By Ted Rubin
The title of this post is a George Bernard Shaw quote I employ with my daughters in the hopes I will impress upon them, in a small way with a few words, what I will say here with many more words than their attention spans will allow. How many times have you heard that some person or other is on a quest to “find themselves?” Many times we hear it in relation to a young person starting out in life to find their purpose, or when an older person jokes about what they want to be when they “grow up.”
It’s not easy—and it’s not comfortable. We are trained from birth to make safe, reliable choices. In school we are encouraged to conform and not to color outside the lines; in business we are comforted by “blueprints” and case studies; the media shows us how we should dress, where to vacation, and who we should emulate.
Think about it. The last time you went to the store to look for something in particular, what was your motivation? Did you see an ad for it somewhere? Have you chosen a vacation spot because so-and-so went there and raved about the good time they had? When you think about those experiences, did you feel a little “let down?” Was the build-up of what you expected not quite what you thought it would be in the end?
On the other hand, when you remember a time you went off the map and did something completely new, how did that feel by comparison? I’ll be willing to bet that it was a much more satisfying experience—maybe even exhilarating! It wasn’t easy, you had to put more in, but you got more out. Maybe it’s time for you to be the one charting a course that others will follow.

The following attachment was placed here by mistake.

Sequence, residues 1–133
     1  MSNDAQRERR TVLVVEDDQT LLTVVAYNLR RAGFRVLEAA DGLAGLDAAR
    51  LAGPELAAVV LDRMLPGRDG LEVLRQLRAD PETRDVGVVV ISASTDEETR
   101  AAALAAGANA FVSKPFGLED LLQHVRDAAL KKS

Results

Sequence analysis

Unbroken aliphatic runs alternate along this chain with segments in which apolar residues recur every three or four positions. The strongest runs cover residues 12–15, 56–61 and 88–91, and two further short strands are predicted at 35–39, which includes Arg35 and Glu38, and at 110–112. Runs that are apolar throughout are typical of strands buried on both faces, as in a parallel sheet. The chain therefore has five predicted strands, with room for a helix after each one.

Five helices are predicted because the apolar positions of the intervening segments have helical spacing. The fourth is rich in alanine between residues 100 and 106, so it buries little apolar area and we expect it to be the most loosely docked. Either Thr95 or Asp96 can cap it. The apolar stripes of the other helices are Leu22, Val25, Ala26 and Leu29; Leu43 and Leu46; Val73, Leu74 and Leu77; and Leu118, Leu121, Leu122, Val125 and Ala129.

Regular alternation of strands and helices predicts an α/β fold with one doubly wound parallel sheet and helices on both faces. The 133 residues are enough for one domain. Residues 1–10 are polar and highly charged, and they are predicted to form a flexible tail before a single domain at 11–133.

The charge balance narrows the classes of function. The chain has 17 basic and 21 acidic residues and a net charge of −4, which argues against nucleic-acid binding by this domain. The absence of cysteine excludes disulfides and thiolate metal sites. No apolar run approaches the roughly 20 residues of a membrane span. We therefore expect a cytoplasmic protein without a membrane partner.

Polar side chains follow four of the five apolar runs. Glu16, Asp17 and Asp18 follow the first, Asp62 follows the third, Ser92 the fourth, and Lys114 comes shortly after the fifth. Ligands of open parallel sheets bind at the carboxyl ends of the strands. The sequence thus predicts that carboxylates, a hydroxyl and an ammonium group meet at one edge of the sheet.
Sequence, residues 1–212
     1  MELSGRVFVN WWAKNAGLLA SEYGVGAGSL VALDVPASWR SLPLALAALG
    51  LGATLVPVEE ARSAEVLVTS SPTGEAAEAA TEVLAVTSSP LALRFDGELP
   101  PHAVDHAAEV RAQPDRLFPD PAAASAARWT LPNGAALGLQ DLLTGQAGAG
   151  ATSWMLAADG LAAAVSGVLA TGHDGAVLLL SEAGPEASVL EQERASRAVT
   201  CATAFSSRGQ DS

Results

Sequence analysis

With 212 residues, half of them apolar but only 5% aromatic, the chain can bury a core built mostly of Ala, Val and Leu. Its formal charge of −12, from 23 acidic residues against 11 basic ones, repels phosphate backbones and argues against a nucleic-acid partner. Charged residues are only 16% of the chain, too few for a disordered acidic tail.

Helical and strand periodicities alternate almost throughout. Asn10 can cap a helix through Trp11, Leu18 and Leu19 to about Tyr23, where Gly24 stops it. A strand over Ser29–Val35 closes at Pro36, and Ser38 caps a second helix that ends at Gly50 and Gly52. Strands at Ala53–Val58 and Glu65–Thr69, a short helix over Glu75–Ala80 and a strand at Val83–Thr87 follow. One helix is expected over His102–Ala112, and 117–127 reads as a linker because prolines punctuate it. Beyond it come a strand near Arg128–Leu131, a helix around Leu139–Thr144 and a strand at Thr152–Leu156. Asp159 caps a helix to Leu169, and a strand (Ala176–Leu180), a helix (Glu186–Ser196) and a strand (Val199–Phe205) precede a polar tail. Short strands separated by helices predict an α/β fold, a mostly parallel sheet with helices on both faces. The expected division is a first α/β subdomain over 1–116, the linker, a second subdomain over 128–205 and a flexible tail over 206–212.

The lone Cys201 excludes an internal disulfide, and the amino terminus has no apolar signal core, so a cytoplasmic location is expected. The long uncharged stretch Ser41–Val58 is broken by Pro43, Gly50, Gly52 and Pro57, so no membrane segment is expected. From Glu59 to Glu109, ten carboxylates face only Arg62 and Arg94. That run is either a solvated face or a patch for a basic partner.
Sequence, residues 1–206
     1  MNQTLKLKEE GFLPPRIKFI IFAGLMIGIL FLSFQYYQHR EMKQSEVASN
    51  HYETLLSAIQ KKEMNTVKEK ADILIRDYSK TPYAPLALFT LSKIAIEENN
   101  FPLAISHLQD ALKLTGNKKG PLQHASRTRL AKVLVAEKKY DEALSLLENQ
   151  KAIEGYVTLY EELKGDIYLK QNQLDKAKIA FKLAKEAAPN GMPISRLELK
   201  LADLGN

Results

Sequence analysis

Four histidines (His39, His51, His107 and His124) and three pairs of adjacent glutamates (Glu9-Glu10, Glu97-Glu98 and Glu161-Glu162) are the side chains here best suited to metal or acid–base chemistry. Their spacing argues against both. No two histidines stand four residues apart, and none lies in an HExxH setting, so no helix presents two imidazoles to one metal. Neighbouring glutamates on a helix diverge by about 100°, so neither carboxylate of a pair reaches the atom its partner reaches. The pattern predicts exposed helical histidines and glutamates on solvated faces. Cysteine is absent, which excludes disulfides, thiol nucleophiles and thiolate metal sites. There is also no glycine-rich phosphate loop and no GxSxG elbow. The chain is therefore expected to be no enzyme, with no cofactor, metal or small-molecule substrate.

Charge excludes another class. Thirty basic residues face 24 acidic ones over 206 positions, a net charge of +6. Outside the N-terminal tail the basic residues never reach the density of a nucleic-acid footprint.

When we were kids, we intuitively leaned in the direction of creation. Making mud pies, finger painting and exploring was a lot more satisfying than playing with a toy, wasn’t it? We were charting our own courses, creating something new, and finding out more about ourselves. In fact, kids can teach us a lot about the creative process (see the 12 Most Important Lessons We Can Learn from Children).
It’s the uncharted experiences, not the guided tours, which truly help us “create” ourselves. When we listen to the inner nudge to do something different and go in a way that intuition leads us, follow our dreams and desires rather than in someone else’s footsteps, those are the moments that define who we are and give us insight into how we can participate in the world around us. We shouldn’t lose sight of that.
So as you look ahead to the coming year, instead of trying to “find yourself” by following what others have done, dust off one of the dreams you’ve kept locked away, one that makes your heart sing with anticipation, and just for fun, plot out a plan to make it happen.
Dreaming is an act of creation, and it’s the wellspring of innovation. So don’t stifle your inner creator; feed it, and open yourself to new possibilities.
“Cherish your visions and your dreams, as they are the children of your soul; the blueprints of your ultimate achievements.” ~ Napoleon Hill
Ted Rubin is a leading Social Marketing Strategist, Keynote Speaker and Brand Evangelist. In March 2009 he started using and evangelizing the term ROR, Return on Relationship, hashtag #RonR. He is also the author of the book by the same name… Return on Relationship. Visit his web site at www.tedrubin.com for more information.